The Leaning Tower of Pisa has nothing on the new $48 million Center for the Visual Arts on the western edge of the Boise State University campus.
That’s the assessment of James Ogle, director of development for the BSU School of the Arts and former longtime conductor of the Boise Philharmonic.
“As you see the building, you can’t help but notice that it looks like it’s falling over,” Ogle said during a telephone interview. “Because of the angles, it leans not only left to right, but front to back.”
The 98,000-square-foot building, which broke ground in May 2017, opened last month to positive reviews as students and faculty returned for the start of the fall semester. It brings together Boise State’s fine arts departments — including art history, painting, sculpture, ceramics, metal arts and printmaking — into one world-class, architecturally stunning building that prioritizes safety, work spaces, efficiency and beauty.
It’s divided into two sections: a five-story limestsone building with classrooms, artist studios and faculty offices, and a two-story building with a stainless steel skin that appears black, blue or gold, depending on the outside light. The two buildings, located between the Morrison Center for the Performing Arts and the Micron Business and Economics Building, are joined by a large open-air atrium with floor-to-ceiling windows.
“The academic wing, clad in limestone, is huge but it’s a bit static,” Ogle said. “And so the architects wanted on the other side of the atrium, the gallery side and our office space, to have movement. When you move around the blue side, the light and the shades change. When the sunlight moves, it changes. And when the cloud cover moves, it changes.
“So there’s a real sense of motion on the gallery side.”
The grand opening
A grand opening, along with building tours for the public, will be held beginning at 5 p.m. on First Thursday, Oct. 3, as part of the monthly Downtown gallery stroll. Tours will run until 7:30 p.m. and parking is free in the Brady Parking Garage, 1323 S. Brady St.
“It certainly met my vision, exceeded my vision in every way,” said former BSU president Bob Kustra, who retired last summer after 15 years.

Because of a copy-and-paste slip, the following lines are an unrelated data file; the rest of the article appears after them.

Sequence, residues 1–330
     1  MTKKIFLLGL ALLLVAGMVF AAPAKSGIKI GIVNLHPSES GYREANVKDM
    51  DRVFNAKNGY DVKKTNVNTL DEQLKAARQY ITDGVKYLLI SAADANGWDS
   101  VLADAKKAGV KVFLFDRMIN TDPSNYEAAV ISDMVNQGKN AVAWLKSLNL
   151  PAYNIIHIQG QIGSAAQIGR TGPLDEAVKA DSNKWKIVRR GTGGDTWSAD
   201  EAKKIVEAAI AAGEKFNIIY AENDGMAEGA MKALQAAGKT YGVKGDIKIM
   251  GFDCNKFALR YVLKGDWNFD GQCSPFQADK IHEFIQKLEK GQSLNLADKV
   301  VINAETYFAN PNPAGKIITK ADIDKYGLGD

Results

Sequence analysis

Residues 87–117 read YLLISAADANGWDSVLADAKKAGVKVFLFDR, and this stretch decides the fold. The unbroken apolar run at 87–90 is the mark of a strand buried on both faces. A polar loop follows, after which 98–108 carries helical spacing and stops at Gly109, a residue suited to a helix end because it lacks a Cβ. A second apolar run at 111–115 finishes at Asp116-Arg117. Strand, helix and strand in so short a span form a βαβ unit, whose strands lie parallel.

Placing the building along Capitol Boulevard, on the western edge of campus — where it’s the most visible — was absolutely critical to the university’s mission, Kustra said.
“We wanted to help people understand, not just our students but members of our community and visitors to Boise, that Boise State is as deeply committed to the arts as it is to engineering, as it is to the College of Business or any other discipline we offer at the university,” he said.
He previously called the building the “crowning achievement of my time here.”
The new building is not only aesthetically pleasing, but it also provides greater safety for students working in studios than the five campus buildings that previously accommodated them.
Kustra said the university had been on probation from an accreditation program because “we didn’t have the right kind of ventilation, the right kind of safety measures for students working with metals or whatever it might be.”
In a painting studio in the new building, drying racks against a wall have perforated stainless steel panels that absorb smells coming from the paint. A sophisticated ventilation system scrubs contaminants and releases the treated air from stacks on top of the building.
“As you walk through the building, you’ll see emergency showers, emergency eye washes, snorkels for ventilation slots and other safety equipment,” said Douglas Suddreth, an architect who serves as Boise State’s senior project manager. “Safety is absolutely paramount.”
That’s a huge difference from conditions in the older buildings, said Emily Huff, a senior illustration student from Boise. Studio space was cramped and the ventilation system in a ceramics studio where she took a class was inadequate.